Always make sure your puppy has a fresh bowl of water. Never restrict water. Take puppy’s water away 3 hours before bedtime, or you can’t ever expect her to sleep through the night.

    Training the puppy

    Always have treats with you, as dogs need constant treats to shape their behavior. Avoid giving frequent treats, as it will ruin her appetite. Reward puppy with treats every time she comes/sits/goes into her crate/pees/poops/walks on leash/obeys a command. Command is too harsh a word because having a puppy is all about relationships. Don’t call them commands, call them prompts.

    Your puppy needs to know that you and all of the humans in your family are pack leaders. You must show the puppy who’s boss and let her know she’s below all of you in the pack. The pack leader theory has been debunked by the very guy who created it. It’s all about your relationship with the puppy, not dominance. Do you want your puppy to listen because she’s scared of you or because she loves you? If you have a good relationship, your puppy will want to please you naturally without being intimidated by your dominance.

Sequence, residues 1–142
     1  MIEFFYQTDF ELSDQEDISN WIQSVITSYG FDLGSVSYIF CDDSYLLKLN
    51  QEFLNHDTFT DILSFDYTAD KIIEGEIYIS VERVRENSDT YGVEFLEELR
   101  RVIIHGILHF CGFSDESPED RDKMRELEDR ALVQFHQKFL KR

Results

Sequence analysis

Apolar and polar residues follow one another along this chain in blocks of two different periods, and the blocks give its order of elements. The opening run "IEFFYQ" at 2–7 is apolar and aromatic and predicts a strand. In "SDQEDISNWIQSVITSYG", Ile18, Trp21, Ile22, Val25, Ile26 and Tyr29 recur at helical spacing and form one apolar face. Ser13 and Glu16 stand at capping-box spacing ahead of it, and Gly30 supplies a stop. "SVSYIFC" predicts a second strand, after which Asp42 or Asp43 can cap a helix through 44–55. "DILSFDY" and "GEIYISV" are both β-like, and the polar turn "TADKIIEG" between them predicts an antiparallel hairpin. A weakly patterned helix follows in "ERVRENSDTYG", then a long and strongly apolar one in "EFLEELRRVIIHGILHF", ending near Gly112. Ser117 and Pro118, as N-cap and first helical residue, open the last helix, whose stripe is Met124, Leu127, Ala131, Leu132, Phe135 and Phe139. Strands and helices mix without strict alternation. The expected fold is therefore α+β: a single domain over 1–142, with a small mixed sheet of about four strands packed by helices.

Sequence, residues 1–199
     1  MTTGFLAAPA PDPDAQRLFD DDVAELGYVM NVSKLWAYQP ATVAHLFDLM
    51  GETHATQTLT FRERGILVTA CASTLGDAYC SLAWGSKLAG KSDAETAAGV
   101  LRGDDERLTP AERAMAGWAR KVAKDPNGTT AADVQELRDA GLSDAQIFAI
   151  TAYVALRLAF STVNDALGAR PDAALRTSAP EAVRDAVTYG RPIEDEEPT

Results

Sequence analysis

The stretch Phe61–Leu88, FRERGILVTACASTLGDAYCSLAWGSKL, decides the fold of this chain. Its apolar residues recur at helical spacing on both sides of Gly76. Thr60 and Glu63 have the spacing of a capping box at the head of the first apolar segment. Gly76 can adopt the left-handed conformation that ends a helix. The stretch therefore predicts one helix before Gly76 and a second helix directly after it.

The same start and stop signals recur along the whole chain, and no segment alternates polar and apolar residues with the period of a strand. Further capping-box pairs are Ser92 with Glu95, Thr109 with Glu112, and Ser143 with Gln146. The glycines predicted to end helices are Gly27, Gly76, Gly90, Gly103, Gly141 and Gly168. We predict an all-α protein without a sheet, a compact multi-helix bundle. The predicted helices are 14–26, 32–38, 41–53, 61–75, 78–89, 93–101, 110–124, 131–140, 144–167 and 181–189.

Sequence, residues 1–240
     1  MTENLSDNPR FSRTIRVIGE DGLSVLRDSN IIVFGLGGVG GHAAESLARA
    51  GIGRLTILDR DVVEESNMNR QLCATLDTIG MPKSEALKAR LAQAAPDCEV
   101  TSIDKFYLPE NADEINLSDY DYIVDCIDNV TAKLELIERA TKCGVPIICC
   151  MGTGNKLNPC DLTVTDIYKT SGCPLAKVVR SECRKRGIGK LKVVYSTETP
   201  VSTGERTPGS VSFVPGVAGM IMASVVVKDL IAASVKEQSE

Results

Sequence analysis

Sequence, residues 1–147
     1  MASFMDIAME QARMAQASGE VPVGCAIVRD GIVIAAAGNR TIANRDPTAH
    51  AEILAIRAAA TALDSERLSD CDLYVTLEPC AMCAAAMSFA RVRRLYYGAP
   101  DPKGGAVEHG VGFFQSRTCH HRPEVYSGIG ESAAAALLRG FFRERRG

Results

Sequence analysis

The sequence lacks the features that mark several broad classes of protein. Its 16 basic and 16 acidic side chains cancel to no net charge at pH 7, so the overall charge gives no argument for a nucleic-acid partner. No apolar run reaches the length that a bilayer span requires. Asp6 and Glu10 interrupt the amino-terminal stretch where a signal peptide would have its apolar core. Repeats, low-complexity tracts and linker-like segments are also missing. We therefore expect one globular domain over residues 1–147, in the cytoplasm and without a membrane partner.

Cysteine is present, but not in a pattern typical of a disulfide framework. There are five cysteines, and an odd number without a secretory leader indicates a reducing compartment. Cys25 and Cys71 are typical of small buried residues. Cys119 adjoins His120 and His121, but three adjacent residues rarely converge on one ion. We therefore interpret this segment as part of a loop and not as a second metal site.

Whatever you do, make sure that your pup knows that even your youngest child is above him in the pack. Never leave a dog and children unattended. Have your youngest child feed the puppy to show her dominance over the pup. Children should be fully involved in puppy chores and play. A puppy is a child’s best friend. Puppies can not be trusted around children. Children and puppies are a dangerous mix.

    Socializing the puppy